Overcome Your Workout Commitment Issues
One of the biggest challenges of gym-free workouts is finding the motivation and personal accountability to follow through on your exercise regimen. Unless you are almost obsessive about fitting workouts into your schedule, it’s very easy to let a few days or weeks slip by without ever breaking a sweat.
Here’s how to make your gym-free workouts stick:
Make it nonnegotiable
While you may find yourself wanting to skip workouts because they seem like an extra item on your to-do list, it’s important to remind yourself that exercise supports all areas of your health. While regular exercise is good for your overall physical health, it’s also good for your mental health. It can alleviate everyday stress and even help with conditions such as anxiety and depression. When you make exercise a nonnegotiable activity, like going to work or brushing your teeth, you’ll likely see improvements in all facets of your life.
Take a few minutes at the beginning of each week to schedule your workouts, aiming for three to five sessions each week for a grand total of 150 minutes of exercise. When you schedule your workouts, choose which days and times you’ll work out and which exercises you’ll do. This can vary day to day but should be detailed so you don’t have to spend time preparing on the day of your workout. Once you know what you’ll be doing, put it into your calendar and block out the time as “unavailable,” just as you would for a doctor’s appointment. This way, other people in your life will be less likely to interfere, and you’ll be more likely to stick to your plans.
Find a workout space
One benefit of a gym is that you have a designated space where you can knock out a workout session and then leave. If you’re at home, this can be more difficult because it’s easy to get pulled away from working out by unsympathetic family members or a pile of dirty dishes. If you find home-based workouts difficult, try creating a designated workout space. This can be a nearby park, a corner of your room with a yoga mat, or a full-fledged garage gym. Regardless, the idea is to create a sacred workout space where you’re less likely to get distracted. You should see it as your own personal gym, a separate place that you “own” where you can work out and then leave to return to your everyday life.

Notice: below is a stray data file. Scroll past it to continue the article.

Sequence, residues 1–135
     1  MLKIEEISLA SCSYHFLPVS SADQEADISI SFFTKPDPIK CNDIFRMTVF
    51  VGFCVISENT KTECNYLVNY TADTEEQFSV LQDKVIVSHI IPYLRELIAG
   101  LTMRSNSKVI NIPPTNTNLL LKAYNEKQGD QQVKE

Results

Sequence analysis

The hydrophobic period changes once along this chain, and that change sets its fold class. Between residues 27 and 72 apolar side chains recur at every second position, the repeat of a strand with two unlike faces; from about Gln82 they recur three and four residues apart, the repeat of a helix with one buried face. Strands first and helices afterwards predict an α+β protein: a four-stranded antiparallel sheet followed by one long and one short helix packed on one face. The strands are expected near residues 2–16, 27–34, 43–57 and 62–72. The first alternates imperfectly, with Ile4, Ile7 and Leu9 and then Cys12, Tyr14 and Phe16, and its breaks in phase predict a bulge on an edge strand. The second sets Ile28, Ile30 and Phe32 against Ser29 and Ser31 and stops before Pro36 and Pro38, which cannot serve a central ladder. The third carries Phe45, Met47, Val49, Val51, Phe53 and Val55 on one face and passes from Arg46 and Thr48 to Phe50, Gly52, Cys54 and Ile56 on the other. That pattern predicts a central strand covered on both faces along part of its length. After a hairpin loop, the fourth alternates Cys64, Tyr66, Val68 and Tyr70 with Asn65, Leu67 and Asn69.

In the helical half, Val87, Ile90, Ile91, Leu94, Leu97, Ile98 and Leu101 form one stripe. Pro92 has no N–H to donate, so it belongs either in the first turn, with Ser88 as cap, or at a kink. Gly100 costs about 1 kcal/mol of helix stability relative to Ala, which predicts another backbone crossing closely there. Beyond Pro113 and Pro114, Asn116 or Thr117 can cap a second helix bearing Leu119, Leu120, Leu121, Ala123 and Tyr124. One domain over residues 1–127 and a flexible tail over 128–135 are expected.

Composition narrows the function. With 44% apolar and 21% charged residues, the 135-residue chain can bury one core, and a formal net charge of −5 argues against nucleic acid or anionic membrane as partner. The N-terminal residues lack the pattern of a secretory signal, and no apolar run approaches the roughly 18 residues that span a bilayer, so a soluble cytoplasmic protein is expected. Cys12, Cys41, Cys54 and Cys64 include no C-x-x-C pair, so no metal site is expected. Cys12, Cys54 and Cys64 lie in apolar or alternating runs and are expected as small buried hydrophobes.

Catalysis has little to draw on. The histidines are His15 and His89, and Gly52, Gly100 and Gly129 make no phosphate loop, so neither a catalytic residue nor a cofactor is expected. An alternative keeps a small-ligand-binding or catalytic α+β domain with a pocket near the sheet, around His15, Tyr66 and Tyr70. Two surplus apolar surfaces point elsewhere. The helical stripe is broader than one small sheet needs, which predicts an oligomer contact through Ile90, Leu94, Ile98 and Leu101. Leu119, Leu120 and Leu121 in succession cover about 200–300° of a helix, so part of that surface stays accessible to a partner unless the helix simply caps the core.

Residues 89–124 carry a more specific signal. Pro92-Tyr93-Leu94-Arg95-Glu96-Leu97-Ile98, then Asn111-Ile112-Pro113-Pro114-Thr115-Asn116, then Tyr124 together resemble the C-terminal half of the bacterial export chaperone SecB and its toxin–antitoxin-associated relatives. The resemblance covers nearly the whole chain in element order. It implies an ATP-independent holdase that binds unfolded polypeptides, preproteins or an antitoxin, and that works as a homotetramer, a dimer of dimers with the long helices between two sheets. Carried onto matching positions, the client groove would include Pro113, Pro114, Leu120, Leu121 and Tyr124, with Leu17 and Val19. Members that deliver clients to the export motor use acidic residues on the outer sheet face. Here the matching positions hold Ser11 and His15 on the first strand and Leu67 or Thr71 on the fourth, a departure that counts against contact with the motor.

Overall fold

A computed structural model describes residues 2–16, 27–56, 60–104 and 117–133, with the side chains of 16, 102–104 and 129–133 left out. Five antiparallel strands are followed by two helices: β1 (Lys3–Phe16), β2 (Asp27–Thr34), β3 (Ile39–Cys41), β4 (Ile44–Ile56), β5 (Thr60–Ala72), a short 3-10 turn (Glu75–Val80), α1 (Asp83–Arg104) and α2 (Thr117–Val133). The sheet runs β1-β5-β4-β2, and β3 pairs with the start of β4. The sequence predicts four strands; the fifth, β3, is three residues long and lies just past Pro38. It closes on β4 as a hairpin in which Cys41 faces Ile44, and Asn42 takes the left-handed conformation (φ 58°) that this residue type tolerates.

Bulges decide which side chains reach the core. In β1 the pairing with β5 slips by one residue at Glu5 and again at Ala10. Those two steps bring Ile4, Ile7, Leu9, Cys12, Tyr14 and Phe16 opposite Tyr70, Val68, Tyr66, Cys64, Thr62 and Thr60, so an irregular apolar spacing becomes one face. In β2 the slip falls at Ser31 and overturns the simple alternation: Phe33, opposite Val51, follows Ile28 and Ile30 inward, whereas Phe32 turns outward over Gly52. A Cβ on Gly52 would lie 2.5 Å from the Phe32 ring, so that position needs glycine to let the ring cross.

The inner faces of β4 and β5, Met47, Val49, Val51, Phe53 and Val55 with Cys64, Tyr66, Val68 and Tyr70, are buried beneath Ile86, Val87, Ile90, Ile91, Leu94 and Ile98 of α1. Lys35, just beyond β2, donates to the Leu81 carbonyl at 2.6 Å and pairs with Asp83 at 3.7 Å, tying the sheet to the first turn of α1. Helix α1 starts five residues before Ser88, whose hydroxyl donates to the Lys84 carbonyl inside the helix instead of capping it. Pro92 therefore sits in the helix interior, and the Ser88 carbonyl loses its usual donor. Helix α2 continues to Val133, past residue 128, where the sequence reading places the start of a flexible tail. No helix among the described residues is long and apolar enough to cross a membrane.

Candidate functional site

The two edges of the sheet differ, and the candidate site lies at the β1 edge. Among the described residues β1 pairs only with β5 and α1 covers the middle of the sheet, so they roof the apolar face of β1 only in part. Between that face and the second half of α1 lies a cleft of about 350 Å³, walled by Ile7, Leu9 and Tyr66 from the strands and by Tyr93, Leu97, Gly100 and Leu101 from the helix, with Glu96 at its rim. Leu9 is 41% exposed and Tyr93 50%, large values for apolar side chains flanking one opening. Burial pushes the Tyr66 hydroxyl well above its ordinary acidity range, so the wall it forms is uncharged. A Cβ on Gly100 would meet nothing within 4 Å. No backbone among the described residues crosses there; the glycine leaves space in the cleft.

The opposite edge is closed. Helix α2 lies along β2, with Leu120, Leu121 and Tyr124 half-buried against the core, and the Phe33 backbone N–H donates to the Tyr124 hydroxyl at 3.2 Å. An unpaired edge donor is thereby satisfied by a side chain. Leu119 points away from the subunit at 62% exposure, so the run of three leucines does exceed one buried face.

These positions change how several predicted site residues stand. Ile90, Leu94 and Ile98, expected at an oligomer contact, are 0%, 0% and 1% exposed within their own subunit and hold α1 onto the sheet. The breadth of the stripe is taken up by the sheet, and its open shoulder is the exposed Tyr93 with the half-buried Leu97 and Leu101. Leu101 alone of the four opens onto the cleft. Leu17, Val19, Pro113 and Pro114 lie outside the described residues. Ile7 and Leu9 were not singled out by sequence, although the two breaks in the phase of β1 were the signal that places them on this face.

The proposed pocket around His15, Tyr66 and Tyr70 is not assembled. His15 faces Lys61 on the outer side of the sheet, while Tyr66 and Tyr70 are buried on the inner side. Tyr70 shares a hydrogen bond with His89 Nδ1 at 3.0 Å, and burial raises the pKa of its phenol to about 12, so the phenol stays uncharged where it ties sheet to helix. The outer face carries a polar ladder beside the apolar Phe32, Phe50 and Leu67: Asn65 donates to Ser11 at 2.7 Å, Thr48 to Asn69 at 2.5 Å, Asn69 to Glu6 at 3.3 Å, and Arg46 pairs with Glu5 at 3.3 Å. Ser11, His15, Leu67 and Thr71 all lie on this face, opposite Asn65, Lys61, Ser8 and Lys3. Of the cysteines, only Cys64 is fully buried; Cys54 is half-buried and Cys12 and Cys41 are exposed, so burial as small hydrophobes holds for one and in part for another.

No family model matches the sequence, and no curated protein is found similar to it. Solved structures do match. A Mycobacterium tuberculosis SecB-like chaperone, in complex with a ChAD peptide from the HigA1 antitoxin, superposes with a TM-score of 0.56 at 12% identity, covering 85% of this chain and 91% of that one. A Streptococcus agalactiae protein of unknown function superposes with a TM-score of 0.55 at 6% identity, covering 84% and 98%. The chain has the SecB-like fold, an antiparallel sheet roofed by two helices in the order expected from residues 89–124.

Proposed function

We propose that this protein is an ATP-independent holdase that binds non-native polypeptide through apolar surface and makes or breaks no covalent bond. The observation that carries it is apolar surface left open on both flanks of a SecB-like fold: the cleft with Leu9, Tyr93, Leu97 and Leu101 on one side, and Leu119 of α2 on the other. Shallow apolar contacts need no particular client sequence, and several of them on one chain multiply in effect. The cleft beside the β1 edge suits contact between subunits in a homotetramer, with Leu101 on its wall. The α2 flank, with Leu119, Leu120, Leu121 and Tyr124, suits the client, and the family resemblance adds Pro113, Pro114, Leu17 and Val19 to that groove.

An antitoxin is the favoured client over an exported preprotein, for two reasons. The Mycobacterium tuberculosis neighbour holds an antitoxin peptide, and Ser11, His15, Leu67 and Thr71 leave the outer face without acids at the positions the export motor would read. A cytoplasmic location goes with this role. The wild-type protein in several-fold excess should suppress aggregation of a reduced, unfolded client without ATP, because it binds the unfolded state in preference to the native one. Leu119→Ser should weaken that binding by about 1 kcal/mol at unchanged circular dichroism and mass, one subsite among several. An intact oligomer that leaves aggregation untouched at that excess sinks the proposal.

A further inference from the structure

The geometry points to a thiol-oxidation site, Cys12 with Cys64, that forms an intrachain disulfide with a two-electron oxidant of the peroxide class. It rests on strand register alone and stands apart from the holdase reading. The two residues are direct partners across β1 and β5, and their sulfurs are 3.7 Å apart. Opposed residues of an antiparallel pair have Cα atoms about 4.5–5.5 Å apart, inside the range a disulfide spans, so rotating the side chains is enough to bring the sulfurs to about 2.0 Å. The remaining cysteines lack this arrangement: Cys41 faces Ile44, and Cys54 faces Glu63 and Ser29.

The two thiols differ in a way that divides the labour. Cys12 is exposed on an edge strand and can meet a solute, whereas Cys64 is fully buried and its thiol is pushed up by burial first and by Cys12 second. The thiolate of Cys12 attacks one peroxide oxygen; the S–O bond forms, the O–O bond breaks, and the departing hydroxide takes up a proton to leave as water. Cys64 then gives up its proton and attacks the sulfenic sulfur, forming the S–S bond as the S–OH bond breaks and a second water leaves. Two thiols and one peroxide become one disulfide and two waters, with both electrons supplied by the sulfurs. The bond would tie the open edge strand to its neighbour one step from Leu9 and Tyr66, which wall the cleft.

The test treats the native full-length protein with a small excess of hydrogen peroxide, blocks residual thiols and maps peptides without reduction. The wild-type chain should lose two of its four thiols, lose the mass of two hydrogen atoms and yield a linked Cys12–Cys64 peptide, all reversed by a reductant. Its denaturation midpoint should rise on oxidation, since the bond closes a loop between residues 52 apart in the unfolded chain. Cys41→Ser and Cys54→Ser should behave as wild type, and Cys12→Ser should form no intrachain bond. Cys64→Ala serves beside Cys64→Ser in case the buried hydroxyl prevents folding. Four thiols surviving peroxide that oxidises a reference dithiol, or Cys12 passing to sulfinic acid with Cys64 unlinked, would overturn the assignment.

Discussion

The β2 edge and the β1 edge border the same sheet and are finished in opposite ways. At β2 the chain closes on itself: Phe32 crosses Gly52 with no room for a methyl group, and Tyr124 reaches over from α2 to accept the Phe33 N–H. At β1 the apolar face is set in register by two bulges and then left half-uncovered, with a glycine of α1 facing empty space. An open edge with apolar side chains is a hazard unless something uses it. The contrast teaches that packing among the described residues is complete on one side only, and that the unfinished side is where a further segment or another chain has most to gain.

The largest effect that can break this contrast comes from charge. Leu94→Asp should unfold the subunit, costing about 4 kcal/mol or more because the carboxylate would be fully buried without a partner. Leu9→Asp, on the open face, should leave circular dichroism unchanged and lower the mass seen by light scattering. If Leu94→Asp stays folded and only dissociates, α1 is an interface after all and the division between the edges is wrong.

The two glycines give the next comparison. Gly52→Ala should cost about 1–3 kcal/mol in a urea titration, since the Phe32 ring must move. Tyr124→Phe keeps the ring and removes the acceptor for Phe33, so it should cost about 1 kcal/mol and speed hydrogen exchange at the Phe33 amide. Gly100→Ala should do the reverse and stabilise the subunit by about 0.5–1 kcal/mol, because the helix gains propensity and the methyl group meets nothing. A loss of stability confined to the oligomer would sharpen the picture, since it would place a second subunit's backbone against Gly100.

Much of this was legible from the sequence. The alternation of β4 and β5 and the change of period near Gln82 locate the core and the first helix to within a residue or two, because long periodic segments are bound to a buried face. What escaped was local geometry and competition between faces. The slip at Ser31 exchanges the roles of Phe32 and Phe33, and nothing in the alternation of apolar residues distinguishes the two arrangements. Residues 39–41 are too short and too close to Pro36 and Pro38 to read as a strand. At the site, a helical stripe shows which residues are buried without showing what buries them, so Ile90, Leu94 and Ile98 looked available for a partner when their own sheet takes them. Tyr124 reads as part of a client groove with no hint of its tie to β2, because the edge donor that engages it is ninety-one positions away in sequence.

Mix it up for a well-balanced routine
A well-balanced workout routine includes several fitness components, such as flexibility, cardiovascular endurance, muscular strength and endurance. Someone who only lifts heavy weights may miss out on flexibility and cardiovascular endurance, while someone who only runs may miss out on muscular strength.
The best practice is to incorporate a little bit of everything. Consider the following possible schedule:
- Monday: 20 minutes cardio, 10 minutes yoga or stretching
- Tuesday: 30 minutes strength training
- Wednesday: 20 minutes cardio, 10 minutes yoga or stretching
- Thursday: 30 minutes strength training
- Friday: 20 minutes cardio, 10 minutes yoga or stretching
A simple schedule like this fits everything in while meeting the 150-minute goal. How you personally include cardio, stretching and strength training is up to you. You can opt for high-intensity interval training (HIIT), which can serve as both strength training and cardiovascular training. You could include using a foam roller on your muscles in place of stretching. You could try jumping rope or cycling in place of running. The combinations are endless.
If working out five days per week doesn’t fit your schedule, consider three 50-minute workouts or four 40-minute workouts instead.
When it comes to exercise, there’s no time like the present to get started. Just remember to ease your way into your routine and listen to your body. If something hurts, stop doing it. If your body is screaming at you to take a break, slow down and take a drink of water. You can’t expect to run three miles or lift 200 pounds if you’ve been on an exercise hiatus for years.
Start where you are and understand that fitness improves with time and consistency. It’s better to do less initially and stay healthy than to overdo it and end up getting injured.